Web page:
Reviews from New Zealand Tour  2001

 

Passion, Charisma From a True Risk Taker

For one cliffhanging hour this American pianist burned up the keyboard with impassioned temperament. Barbara Nissman's fingers go straight to her heart. Her safety net is technique of a level that even the toughest Liszt wouldn't stop her in her tracks. Liszt's La Campanella didn't. For all her treacherously fast speed and volatile nuancing, she got there with a bravura performance that brought the audience to its feet. Yet she is neither a show-person nor hysterical. Everything is clearly thought out to get style and sonority right from each composer. She operates just as tellingly in the quietly introspective as in her caressing phrasing of Chopin's tender Nocturne Op. 27 No. 2 and in the second piece -Dance of the Sad Girl (surely the lushest melody Ginastera wrote) from the Tres Danzas Argentinas. In the last of these dances, the toughest piece in the recital, Nissman's ferocious cross accents dispatched untamed gauchos thundering across the pampas. What also excites is Nissman's range of colour shown at its most telling in Chopin's Scherzo No. 3 - a sonorous deep hymn decorated with filigree soft decoration up high and contrasted with heroic double octave fortissimos in the outer sections taken at such speed and power that I wondered whether Nissman's fingers would trip over themselves. Never. Her playing makes a mockery of that illusory cliché of discophiles "the definitive interpretation." Nissman spontaneous pianist that she is, would probably dismiss the term as a killjoy anyway. For Nissman nothing is definitive - which makes her such an excitingly unpredictable pianist.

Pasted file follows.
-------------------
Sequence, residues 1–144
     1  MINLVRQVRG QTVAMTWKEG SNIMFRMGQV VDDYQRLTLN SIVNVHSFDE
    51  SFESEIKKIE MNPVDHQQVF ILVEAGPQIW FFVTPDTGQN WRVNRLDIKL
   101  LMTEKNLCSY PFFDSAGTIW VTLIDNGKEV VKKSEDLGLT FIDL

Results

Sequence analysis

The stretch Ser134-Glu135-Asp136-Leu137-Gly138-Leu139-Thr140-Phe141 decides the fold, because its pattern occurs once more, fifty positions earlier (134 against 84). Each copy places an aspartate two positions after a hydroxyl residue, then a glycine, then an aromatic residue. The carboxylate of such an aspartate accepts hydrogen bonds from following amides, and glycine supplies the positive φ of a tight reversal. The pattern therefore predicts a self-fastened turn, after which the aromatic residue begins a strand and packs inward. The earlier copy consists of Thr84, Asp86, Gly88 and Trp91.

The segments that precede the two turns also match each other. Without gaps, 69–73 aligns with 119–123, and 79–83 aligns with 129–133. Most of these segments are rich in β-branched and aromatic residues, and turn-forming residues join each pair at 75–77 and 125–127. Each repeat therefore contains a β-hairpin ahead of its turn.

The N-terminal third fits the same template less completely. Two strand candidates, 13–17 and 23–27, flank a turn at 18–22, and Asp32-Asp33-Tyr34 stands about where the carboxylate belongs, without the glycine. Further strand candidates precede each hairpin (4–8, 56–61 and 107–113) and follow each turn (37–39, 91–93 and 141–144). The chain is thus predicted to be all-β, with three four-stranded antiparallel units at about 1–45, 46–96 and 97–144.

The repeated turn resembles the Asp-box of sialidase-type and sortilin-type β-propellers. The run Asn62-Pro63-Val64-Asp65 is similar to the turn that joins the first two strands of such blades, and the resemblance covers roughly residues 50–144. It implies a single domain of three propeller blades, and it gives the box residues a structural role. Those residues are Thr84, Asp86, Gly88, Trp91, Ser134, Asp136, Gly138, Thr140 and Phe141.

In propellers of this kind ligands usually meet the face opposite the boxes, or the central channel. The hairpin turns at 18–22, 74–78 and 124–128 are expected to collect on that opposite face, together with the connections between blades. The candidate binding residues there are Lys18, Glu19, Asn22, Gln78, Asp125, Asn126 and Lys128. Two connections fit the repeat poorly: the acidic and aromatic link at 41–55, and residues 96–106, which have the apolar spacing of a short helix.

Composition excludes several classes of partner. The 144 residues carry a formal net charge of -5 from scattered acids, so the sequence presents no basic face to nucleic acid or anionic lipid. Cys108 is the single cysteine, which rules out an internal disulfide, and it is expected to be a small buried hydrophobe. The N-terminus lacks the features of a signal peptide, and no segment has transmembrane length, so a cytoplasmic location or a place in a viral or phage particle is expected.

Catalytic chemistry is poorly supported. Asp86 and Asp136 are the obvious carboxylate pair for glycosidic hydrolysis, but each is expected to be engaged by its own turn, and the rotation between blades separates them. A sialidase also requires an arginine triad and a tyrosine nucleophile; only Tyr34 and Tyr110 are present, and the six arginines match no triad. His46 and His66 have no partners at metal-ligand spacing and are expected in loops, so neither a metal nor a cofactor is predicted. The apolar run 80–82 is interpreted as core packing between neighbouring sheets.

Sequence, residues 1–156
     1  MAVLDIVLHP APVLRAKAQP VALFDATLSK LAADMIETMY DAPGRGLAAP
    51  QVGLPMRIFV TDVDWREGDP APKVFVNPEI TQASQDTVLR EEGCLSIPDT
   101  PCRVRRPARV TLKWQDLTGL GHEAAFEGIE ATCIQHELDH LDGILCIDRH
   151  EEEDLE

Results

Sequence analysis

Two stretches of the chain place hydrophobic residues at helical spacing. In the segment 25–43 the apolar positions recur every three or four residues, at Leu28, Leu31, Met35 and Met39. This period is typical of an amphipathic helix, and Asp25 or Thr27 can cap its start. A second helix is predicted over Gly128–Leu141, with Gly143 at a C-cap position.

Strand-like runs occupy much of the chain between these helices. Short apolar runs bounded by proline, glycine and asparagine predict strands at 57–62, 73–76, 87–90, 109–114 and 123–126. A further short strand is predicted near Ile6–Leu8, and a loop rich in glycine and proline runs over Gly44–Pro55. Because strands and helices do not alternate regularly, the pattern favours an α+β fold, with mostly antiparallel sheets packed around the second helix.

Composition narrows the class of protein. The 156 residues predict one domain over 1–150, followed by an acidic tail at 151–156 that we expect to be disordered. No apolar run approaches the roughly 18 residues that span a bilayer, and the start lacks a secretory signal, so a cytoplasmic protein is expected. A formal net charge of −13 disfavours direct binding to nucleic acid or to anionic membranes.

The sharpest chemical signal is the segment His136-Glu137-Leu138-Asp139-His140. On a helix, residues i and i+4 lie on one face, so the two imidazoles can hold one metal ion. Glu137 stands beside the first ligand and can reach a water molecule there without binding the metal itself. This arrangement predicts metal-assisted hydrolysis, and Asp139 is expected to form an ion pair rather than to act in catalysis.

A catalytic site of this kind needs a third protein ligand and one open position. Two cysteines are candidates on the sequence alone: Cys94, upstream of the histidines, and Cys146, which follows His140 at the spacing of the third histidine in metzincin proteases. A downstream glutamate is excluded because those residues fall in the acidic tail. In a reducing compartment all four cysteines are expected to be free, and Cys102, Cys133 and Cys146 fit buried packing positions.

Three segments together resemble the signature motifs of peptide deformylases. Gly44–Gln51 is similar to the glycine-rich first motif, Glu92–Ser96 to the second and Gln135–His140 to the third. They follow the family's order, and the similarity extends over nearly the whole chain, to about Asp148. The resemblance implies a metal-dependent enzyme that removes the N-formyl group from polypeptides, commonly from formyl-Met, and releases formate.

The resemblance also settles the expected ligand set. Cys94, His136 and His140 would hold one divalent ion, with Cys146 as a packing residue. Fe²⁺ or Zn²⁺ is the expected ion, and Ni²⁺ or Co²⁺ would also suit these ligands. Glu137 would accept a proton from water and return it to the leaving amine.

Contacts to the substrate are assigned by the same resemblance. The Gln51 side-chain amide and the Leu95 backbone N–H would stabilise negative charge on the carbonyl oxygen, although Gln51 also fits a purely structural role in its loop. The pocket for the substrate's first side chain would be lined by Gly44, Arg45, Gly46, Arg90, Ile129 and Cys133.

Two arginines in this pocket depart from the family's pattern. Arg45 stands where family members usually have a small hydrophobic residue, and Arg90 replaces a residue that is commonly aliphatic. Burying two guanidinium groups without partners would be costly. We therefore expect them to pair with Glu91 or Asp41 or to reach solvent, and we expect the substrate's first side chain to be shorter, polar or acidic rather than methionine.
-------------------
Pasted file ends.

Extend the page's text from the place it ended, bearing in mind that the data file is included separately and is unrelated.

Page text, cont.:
The Star, Christchurch, NZ   6/20/01 

 

 

'Landmark' Performance from Christchurch Symphony / Liszt No. 2, Totendanz

Pianist Barbara Nissman is a risk-taking live wire whose strongly characterized Liszt Piano Concerto No. 2 and Totentanz brought out many subtleties not heard in conventional performances... Her solo encore of Liszt's poetic Consolation No. 3 confirmed what an outstandingly sensitive and refined pianist she is. Imagine her solo recital this week will be a sell-out. 

The Press, Christchurch, NZ   6/13/01 

 

 

Barbara Nissman immediately revealed a technique of unusual power... she captured the strength of Liszt as well as his crass bits. If one had any doubts about Nissman's sensitivity, however, these were allayed by her account of Liszt's lovely Consolation No. 3- played in response to the audience's enthusiastic applause. 

The Star, Christchurch, NZ   6/20/01 

 

 

Nissman on Piano 

The American pianist Barbara Nissman is one of the most vital visiting musicians to have been here for a long time. Not only does she have a prodigious technique but she also made the music live. Her mastery of style was exciting. 

The Press, Christchurch, NZ   6/20/01

 

 

A Benchmark in Physical Pianism- Prodigious Pianist Plays With Power, Passion

Pianist Barbara Nissman held her audience spellbound last night at her Theatre Royal recital of works by Chopin and Liszt... it was playing of searing intensity. 

The Daily News, New Plymouth, NZ   6/20/01 

 

 

Passionately Piano

. . . a brilliant performance. Every piece she played to perfection, with feeling and passion. 

Guardian Review, Palmerston North, NZ   6/26/01